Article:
OJ Mayo has been on point for the last two games for sure. He killed it Monday night on his birthday, scoring 32 points on 12 of 18 shooting. He shot 70-percent from three Saturday night while pouring in a game leading 30 points.
Sure he’s had back-to-back 30 point nights before, back in his rookie season, the one he referred to as “the good year,” he did it.
I was one of those that would have liked to add Mayo to D-Will with Dirk back when the free agency period was blowing up. So I was pretty happy that he was the consolation prize to D-Will anyway.
I like his willingness to take shots, big, small whatever, he wants the ball and could very well fill in that Jason Terry roll that we all knew we would be missing.
To be honest, kinda disappointed that the house hasn’t been packed the last two games that he’s set it off from three. Would really like for him to get a sense of what Mavs nation can transcend when things are really rocking. Maybe that will happen when Dirk gets back on the court.
That being said, I want people to temper their expectations when it comes to Mayo and realize it might not last.
1. Mayo doesn’t shoot a ton of free-throws: Now you might say “So what! He’s killing it from three.” Shooters are streaky. That’s the way it is. When you are confident, in the zone and hitting threes you are unstoppable; but when you go cold, the ice-water in your veins makes you look like a stiff.
Remember all those head scratching nights we spent wondering why the Spurs, or Heat or Warriors spent so much time at the free-throw line and the Mavs didn’t? Then we figured out that a jump-shooting team typically isn’t going to make it to the stripe. A shooter can find a groove there, he can gain some confidence, adjust and tweak his shot from there so it all lines up later in the game. He can develop a shooting rhythm from the line.
Mayo averages about 2.8 free-throws a game and quite honestly makes a great number of them when he is there at 2.3. His percentage this season is just under 90, which fits perfectly in that JET mold. But you remember those nights when you just desperately needed a guy to drive to the basket to slow draw some fouls and establish a slashing to-the-basket presence and JET couldn’t do it? By the way he averaged 2.9 free-throws per game. Expect to have some similar nights to that.
2. Dirk is still out: With Dirk gone, the entire team is looking for every contributor and anybody to take the lead dog position. Vince Carter is filling in well alongside Shawn Marion as the veteran in-house leader with all of these young players, and new-to-Dallas vets the Mavs are rolling out. But both of them are past their elite status prime and are almost at the point of becoming grizzled.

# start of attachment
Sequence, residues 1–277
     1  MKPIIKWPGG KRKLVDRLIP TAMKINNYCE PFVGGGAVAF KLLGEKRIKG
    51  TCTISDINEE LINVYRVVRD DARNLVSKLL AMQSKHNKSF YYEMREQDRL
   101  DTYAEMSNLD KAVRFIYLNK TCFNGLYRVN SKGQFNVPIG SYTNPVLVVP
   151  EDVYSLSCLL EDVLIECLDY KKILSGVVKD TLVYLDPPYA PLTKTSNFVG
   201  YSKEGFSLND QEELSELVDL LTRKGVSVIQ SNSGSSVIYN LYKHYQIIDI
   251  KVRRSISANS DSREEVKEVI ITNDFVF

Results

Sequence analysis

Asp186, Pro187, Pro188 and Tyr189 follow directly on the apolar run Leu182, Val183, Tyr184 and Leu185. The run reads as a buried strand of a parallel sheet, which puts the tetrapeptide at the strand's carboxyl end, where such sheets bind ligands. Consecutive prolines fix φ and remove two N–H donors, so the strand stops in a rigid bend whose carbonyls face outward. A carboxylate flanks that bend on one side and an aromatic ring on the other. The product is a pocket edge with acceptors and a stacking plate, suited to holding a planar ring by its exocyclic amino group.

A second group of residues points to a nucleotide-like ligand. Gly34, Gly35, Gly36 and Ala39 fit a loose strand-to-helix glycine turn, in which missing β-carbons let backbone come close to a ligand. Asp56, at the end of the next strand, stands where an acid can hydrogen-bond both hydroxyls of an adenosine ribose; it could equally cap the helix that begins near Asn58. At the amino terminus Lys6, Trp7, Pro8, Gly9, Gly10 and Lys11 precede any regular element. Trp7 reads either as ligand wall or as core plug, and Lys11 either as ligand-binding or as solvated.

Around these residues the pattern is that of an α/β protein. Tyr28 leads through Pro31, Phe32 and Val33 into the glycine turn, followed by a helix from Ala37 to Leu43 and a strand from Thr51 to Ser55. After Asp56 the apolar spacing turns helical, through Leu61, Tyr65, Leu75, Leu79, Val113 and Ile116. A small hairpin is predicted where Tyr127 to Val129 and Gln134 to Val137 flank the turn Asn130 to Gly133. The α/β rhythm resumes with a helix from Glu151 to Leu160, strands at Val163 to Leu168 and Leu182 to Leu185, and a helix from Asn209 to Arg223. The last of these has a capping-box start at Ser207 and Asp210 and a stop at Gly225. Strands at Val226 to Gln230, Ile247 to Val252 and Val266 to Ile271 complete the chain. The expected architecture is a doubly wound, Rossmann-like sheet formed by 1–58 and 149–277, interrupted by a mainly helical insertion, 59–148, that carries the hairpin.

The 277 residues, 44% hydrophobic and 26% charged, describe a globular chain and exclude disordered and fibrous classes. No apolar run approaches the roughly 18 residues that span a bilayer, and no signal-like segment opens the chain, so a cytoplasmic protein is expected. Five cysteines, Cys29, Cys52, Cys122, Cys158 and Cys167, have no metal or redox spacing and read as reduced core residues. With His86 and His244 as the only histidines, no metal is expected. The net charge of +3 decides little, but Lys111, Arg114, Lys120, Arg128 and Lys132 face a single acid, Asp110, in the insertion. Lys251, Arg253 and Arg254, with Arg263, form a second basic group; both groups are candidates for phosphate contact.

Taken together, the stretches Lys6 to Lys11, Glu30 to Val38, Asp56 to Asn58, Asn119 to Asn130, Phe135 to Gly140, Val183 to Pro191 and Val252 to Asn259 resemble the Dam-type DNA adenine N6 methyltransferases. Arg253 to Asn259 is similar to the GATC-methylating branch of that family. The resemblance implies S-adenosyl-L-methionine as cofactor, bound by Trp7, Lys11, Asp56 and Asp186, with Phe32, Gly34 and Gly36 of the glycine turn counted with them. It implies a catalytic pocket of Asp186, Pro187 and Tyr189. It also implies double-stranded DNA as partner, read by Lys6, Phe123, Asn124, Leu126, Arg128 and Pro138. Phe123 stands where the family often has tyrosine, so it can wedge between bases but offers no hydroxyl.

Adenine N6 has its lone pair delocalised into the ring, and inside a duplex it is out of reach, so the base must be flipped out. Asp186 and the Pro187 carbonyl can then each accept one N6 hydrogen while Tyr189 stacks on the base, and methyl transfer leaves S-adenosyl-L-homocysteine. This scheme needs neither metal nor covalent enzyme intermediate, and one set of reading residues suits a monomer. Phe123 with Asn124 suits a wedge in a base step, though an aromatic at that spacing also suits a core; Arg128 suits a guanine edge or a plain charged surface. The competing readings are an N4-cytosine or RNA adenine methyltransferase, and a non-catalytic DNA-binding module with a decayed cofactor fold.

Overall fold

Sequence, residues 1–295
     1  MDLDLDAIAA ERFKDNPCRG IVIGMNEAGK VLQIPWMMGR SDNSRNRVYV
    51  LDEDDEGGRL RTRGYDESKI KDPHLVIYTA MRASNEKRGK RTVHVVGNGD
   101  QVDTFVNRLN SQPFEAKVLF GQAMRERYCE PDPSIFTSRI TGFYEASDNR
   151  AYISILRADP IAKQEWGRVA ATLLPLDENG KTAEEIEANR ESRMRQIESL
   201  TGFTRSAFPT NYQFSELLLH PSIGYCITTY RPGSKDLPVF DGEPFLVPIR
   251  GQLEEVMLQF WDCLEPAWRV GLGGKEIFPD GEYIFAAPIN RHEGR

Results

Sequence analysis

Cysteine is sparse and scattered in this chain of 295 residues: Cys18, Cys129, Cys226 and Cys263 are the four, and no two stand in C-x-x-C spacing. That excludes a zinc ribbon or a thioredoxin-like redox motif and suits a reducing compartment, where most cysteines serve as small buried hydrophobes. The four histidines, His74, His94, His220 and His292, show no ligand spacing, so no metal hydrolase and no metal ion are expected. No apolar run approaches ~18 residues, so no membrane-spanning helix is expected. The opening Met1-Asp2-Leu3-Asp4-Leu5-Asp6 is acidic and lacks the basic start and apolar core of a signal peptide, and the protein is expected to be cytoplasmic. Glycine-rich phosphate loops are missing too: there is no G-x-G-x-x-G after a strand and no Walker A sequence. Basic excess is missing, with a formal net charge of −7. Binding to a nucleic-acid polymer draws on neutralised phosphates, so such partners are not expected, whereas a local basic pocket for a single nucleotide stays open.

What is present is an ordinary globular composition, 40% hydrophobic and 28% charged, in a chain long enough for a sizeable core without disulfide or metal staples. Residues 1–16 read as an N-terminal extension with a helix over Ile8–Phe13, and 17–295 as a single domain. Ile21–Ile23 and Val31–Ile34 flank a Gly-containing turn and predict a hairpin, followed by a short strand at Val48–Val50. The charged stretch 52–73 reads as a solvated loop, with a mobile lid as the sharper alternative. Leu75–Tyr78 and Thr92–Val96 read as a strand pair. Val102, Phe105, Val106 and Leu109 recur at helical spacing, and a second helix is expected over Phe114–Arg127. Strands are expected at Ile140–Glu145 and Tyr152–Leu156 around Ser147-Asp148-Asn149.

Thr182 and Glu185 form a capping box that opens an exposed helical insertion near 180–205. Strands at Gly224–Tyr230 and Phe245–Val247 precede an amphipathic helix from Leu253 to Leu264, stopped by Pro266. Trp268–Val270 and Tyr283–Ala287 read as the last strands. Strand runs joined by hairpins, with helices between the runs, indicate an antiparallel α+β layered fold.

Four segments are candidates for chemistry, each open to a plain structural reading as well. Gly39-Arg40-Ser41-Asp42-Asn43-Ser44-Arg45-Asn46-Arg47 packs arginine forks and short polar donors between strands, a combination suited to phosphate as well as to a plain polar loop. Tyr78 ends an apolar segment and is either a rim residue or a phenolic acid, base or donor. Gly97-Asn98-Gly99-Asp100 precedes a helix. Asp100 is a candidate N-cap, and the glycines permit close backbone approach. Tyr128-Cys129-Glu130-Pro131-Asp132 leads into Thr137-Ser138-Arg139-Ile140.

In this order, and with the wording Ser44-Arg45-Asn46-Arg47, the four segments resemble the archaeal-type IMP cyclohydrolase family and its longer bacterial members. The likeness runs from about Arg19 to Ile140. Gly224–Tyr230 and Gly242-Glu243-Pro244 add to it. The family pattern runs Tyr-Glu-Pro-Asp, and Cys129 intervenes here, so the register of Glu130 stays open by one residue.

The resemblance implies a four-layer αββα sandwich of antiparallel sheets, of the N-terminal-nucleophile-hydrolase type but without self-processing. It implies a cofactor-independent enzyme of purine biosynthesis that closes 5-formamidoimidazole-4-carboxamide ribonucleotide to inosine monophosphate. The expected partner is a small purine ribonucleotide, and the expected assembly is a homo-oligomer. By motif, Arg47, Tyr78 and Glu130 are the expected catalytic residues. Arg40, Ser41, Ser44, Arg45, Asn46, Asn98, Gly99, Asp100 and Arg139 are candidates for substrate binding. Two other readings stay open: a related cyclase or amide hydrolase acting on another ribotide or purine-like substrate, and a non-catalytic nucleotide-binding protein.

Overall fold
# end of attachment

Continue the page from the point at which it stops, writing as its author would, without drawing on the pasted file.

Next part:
So they aren’t going to score 18-35 a night for you.
Mayo can do it. He can pour score from anywhere and has just the type of mentality to take on a leading scorer role.
But when Dirk comes back is he going to be willing to take less shots and score less points? Is he going to be willing to have an off shooting night, struggle but still win? It’s tough for somebody to establish they are the alpha then just take a backseat. Plus, look at what happened in Memphis when he wasn’t starting every game as the elite star.
Then again, if there is a franchise that can put square pegs in round holes and make a tasty cake out it (I know) the Mavs can. Either way, Dirk’s return could hinder Mayo’s growth on this team, while at the same time opening up shots for him.
3. Defenses will eventually figure the Mavericks out: Right now, with so many guys on the team who ARE willing to contribute and ARE willing to distribute, it’s hard for a defense to key in on any specific shooter to stop. It’s not like they know they have to stop Dirk or JET. They know Marion, Carter, Collison, Mayo, Crowder, the list goes on, could shoot the ball at any time. That opens the floor up a little bit. It require more man up D and allows for those break-downs on defense also. Rick Carlisle has established an unselfish presence on the court which allows for that extra pass which often times does allow a shooter like Mayo to be wide open. You saw it in the Charlotte game and saw it even more in the Portland game. Collison is really helping out in that respect as well.
The more tape teams get on the Mavs, the more those shots will become contested and the tighter the window will be.
For now, I’ll take it. Give me something to cheer about, right? The Cowboys sure aren’t. While I want Mavs fans to fall in love with this guy, who could be the future of this franchise, keep an eye out for these things that could spoil Mayo later in the season, that way you know it can be fixed.
Cory Mageors Co-hosts The K&C Masterpiece on 105.3 The Fan weekends from 10-2.
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